By Lorraine Kay
August 2009 – The 60s band Tower of Power is still going as strong as ever. In an exclusive interview with the band’s co-founder Emilio Castillo, he discussed the band’s ever growing tour schedule. Performing in excess of 200 concerts a year the band is touring farther and wider than ever before visiting new places like New Zealand, Bangkok and other Asian countries. “I got a new manager about four years ago and I told him that I appreciate that we are playing all the time, and I like the places we go, but I want to go someplace new to us and he has made that happen.”
The 8-piece band has been playing and recording together for 41 years this month, this year. There have been many personnel changes over the years, but for this tour there will be five of the original players on stage, including Mic Gillette, who just recently returned and will be playing for the first time in several years this month.
“Mitch heard that Mike Bogart Was going back in the Navy and jumped at the chance to come back. Originally, he had taken time off to raise his daughter, and now that she is grown he was itching to get back on tour.”
Over the past years Tower of Power has lost members, added new members, welcomed back old members and a fresh outlook, but the band has always remained true to itself and to its soul music roots, never failing to please audiences.
Original guitarist Bruce Conte left the band for over 20 years but returned in 2004. to play with his long time friends.
The recording of “Oakland Zone” brought the prodigal return of David Garibaldi, Tower’s original drummer. Garibaldi’s return reunited him with bassist Rocco Prestia to recreate Tower of Power’s original, mind-blowingly tight rhythm section. At that time Tower was also joined by then, new singer Larry Braggs, who Castillo describes as “The best singer we’ve had since the ’70s.”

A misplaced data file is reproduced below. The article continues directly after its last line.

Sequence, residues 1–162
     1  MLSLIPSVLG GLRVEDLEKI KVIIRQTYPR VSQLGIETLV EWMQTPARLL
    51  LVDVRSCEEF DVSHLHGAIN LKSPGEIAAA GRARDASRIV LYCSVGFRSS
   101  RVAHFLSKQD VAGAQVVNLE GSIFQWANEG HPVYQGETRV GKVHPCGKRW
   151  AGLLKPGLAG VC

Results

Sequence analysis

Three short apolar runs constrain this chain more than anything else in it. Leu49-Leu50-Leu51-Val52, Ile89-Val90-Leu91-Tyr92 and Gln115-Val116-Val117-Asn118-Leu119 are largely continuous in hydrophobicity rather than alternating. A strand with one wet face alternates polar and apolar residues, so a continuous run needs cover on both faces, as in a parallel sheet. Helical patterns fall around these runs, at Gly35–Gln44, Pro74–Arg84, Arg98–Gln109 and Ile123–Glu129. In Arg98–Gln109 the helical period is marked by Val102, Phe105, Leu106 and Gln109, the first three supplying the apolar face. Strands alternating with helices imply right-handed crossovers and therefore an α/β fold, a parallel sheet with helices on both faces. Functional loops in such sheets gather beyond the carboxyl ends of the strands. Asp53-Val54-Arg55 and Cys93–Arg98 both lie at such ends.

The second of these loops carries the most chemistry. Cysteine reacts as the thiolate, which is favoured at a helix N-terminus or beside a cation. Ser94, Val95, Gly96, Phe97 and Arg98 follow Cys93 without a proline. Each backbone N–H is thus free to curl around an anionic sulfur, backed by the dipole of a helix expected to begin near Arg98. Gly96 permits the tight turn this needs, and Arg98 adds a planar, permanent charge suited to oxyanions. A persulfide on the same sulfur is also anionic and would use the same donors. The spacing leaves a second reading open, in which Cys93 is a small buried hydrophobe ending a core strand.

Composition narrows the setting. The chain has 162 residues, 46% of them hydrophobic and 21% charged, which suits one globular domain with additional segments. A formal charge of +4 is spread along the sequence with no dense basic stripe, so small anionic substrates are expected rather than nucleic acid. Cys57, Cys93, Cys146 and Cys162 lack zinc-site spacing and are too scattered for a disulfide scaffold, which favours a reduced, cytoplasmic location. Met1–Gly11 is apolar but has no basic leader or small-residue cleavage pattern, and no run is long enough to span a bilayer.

After 41 years, the band is still on the road featuring a new selection of songs. Even though they will be pumping out a slew of the old favorites at the Saturday, August 22nd show, they will toss in a handful of songs off the new album, “The Great American Soulbook, Tower of Power’s 20th album, and first studio disc in five years. The new album is a different spin for the group with a collection of giant covers featuring as guests some of the greatest vocalists in the business.
According to Castillo, the band struggled against doing a cover album but “our manager talked us into it and now I think it was a good idea. I think people will like it. I heard that we were recently on the Jazz charts for the last 17 weeks,” says Castillo
The new album features 2 tracks, including
1. “You Met Your Match” – By Stevie Wonder
2. “I Thank You” – By Sam & Dave (featuring Tom Jones in a duet with Tower of Power singer, Larry Braggs)
3. “Loveland” – By The Watts 103rd St Rhythm Band
4. “It Takes Two” – By Marvin Gaye & Kim Weston (featuring Joss Stone in a duet with Tower of Power singer, Larry Braggs)
5. “Me & Mrs. Jones” – By Billy Paul
6. “Star Time” – A James Brown Medley with 4 songs: “It’s A New Day,” “Mother Popcorn,” “There It Is”, and “I Got The Feeling”
7. “Mr. Pitiful” – By Otis Redding (featuring Sam Moore)
8. “Heaven Must Be Missing an Angel” – By Tavares
9. “Since You’ve Been Gone (Baby, Baby, Sweet Baby)” – By Aretha Franklin
10. (“Heaven Must Have Sent) Your Precious Love” – By Marvin Gaye & Tammi Terrell (features Joss Stone in a duet with Tower of Power singer, Larry Braggs)
11. “634-5789” – By Wilson Pickett (features Huey Lewis in a duet with Tower of Power singer, Larry Braggs)
12. “Who Is He (and What Is He To You)?” – By Bill Withers
The group is releasing The Great American Soulbook on its own “Tower of Power Records” label with distribution through Ryko. And in keeping with audience needs in these internet-centric times, Tower of Power is focused on selling the album at live shows, on its web site, and on Amazon.com, iTunes, and other digital forms of media. Bassist Rocco Prestia says that while young music fans are learning about classic soul from them, the group is catching up with the youngsters, “It’s common knowledge that this is the way the music business is going – downloads. It’s all computerized and exciting.”